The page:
WoodlandBrew 01-30-2013 02:31 PM

very nice work. I'm looking forward to trying this out on my next brew. Is it safe to assume that all pH values are taken at ambient temperatures instead of mash temperature?

Kaiser 01-30-2013 02:43 PM

Quote:

Originally Posted by WoodlandBrew (Post 4843784)
very nice work. I'm looking forward to trying this out on my next brew. Is it safe to assume that all pH values are taken at ambient temperatures instead of mash temperature?

yes. I'll make a note of that in the next release. Thanks for bringing this up.

Kai

Kaiser 01-30-2013 02:46 PM

Quote:

Originally Posted by Hermit (Post 4843741)
Just looked it over and played with it some. Right now I have only DH/KH and water pH to go from.

you mean GH&KH? DH, or better written as dH, refers to a hardness used by Gemans (Deutsche Haerte) and could be the unit of both GH and KH.


Quote:

I got 2 in my tap water, my RO water and my RO waste water. What I just did was enter my DH and pH then adjusted the KH until I got the mash pH I measured last time.
How much did you have to adjust it?

Kai

Hermit 01-30-2013 03:29 PM

Quote:

Originally Posted by Kaiser (Post 4843832)
you mean GH&KH? DH, or better written as dH, refers to a hardness used by Gemans (Deutsche Haerte) and could be the unit of both GH and KH.




How much did you have to adjust it?

Kai

I use an aquarium test kit for now. Still waiting to here back from the city since we have reservoir water I don't want to be sending off samples every month. But, basically I raised KH from 2 dH to 3dH and that agreed well enough with the pH reading I got from mash last time. I'm doing the same recipe. Since untreated water gave me a mash pH of just a shade over 5.4 I'm thinking of just adding my calcium supplements to the kettle and not messing with the mash for this brew.

Using the balanced profile throwing in 2 grams each of calcium chloride and gypsum drives my pH down to 5.3 and still leaves the profile lacking according to the 'basic' profile.
Code:

          Ca+2        Mg+2        Na+        SO4-2        Cl-        HCO       

Actual        82.9        7.7        0.0        59.0        51.0        9.619       
                                                         
Delta        7.9        2.7        -40.0        -21.0        -24.0        -100.4

Two grams of baking soda brings me closer to 5.5

Code:

        Ca+2        Mg+2        Na+        SO4-2        Cl-        HCO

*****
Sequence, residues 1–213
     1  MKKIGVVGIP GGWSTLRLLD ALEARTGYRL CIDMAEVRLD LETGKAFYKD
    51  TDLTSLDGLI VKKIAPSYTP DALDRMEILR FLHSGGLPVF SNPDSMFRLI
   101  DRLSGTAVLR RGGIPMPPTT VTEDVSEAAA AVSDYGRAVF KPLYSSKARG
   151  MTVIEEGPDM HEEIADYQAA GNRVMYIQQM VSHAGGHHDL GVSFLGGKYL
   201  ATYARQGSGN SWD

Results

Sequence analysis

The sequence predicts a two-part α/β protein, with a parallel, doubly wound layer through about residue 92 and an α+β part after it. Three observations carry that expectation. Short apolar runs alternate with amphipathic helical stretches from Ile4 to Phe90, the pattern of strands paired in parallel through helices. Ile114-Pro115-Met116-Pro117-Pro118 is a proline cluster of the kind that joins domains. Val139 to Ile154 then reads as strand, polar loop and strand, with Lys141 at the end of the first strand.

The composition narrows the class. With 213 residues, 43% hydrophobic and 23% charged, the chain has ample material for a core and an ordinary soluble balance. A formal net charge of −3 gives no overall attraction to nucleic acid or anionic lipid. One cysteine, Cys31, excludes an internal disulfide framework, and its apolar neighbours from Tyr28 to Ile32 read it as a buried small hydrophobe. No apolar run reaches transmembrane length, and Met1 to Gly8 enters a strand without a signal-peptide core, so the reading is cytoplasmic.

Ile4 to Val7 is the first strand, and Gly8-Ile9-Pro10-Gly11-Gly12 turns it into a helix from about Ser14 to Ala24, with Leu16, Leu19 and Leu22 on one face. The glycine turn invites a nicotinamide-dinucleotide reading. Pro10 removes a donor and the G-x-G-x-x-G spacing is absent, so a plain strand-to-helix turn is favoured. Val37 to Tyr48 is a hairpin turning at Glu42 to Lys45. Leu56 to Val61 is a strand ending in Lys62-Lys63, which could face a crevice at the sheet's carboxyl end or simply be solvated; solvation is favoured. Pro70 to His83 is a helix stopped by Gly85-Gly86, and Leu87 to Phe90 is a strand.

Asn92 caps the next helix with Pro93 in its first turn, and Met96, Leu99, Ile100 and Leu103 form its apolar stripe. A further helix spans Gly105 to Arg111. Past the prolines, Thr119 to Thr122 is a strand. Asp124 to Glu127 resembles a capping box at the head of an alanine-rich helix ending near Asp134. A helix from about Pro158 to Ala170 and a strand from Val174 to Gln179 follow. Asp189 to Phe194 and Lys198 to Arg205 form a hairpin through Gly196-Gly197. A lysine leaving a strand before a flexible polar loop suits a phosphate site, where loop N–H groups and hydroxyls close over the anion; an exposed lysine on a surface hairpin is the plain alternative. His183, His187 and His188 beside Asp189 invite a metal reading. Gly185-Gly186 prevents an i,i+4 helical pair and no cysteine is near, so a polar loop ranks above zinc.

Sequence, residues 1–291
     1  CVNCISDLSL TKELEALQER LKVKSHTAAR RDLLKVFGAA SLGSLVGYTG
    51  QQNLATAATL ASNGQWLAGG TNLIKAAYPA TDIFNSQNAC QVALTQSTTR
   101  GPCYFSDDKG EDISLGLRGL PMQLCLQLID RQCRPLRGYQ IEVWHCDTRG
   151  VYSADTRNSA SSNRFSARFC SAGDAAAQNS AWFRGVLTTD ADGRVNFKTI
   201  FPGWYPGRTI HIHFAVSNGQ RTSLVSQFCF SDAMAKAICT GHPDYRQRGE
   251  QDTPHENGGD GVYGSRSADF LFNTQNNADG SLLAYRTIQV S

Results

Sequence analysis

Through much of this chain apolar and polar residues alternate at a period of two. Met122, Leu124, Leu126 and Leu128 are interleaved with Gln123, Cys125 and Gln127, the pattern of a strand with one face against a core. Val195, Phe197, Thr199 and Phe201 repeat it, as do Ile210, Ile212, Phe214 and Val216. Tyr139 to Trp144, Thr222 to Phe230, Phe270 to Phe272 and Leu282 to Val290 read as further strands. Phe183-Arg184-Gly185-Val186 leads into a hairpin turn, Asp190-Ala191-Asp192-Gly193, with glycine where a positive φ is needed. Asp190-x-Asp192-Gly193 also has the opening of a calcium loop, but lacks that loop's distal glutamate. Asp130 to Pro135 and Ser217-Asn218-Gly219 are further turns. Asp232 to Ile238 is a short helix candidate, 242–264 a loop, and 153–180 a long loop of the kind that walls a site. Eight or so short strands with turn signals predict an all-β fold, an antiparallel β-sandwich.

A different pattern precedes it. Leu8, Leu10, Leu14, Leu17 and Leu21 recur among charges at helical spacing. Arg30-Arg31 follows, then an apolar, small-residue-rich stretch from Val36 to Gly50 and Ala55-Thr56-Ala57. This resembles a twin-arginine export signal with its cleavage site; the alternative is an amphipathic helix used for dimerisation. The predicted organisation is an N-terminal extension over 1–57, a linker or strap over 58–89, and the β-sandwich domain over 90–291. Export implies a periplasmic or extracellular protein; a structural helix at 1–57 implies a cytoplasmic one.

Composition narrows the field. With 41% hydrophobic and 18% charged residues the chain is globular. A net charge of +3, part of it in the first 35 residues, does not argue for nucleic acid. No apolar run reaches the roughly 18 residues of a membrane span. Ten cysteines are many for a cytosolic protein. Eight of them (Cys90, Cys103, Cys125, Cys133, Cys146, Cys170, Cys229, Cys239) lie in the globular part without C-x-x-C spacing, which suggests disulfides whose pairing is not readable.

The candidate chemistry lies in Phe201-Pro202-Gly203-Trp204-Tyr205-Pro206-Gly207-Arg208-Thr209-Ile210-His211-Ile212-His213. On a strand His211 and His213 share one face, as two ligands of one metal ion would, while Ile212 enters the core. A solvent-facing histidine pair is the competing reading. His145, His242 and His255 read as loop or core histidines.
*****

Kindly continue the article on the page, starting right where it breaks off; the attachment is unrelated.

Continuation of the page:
Actual        82.9        7.7        28.9        59.0        51.0        70.043       
                                                         
Delta        7.9        2.7        -11.1        -21.0        -24.0        -40.0


Wynne-R 01-30-2013 03:29 PM

Very cool, Kai! It predicts my actual mash pH, most of the spreadsheets guess high. I found the interface to be easy to use and the feedback very interesting.

The only thing I’m not sure of is the range check at the very bottom. Apparently it does not correlate with the target style. I chose the ‘Pale/Light’ profile which recommends 10ppm SO4. Mine came out at 29 but the stupid blue arrow complains that it’s low. That seems off in context.

I would either correlate it to the target water or move it up to ‘Overall Water Report.’ Also a print option would be a groovy thing, especially since it lives on the web. Having gone to the trouble of punching in all the numbers it would be nice to have something to look at later. Or maybe members could save their profiles.

Good job.

Kaiser 01-30-2013 04:11 PM

Quote:

Originally Posted by Wynne-R (Post 4844012)
Very cool, Kai! It predicts my actual mash pH, most of the spreadsheets guess high. I found the interface to be easy to use and the feedback very interesting.

Thanks. I do have some limited competitive pH prediction data and want to expand that more before I publish it. One thing I learned is that there is both and art and a science to predicting mash pH. The art comes into play since science is too complex and not enough understood to be properly modeled.

Quote:

The only thing I’m not sure of is the range check at the very bottom. Apparently it does not correlate with the target style. I chose the ‘Pale/Light’ profile which recommends 10ppm SO4. Mine came out at 29 but the stupid blue arrow complains that it’s low. That seems off in context.
The current set of target profiles is what Brewer’s Friend had for its old calculator. I haven’t spent much time on scrubbing them but plan to do that soon. Personally I don’t use them. I just eyeball the overall report.

Quote:

I would either correlate it to the target water or move it up to ‘Overall Water Report.’ Also a print option would be a groovy thing, especially since it lives on the web. Having gone to the trouble of punching in all the numbers it would be nice to have something to look at later. Or maybe members could save their profiles.
I agree that the range check should move to the Overall Report section.

Print option will be nice. I was planning to have it print a “water treatment plan”. For simple adjustments it just lists salt and acid additions. If brewers use boiling or slaked lime treatment it would include detailed steps for that. That may take a bit though.

Saving the state is on top of the list of new features. We left if out for the first release since I want to wait any longer for a release.

Kai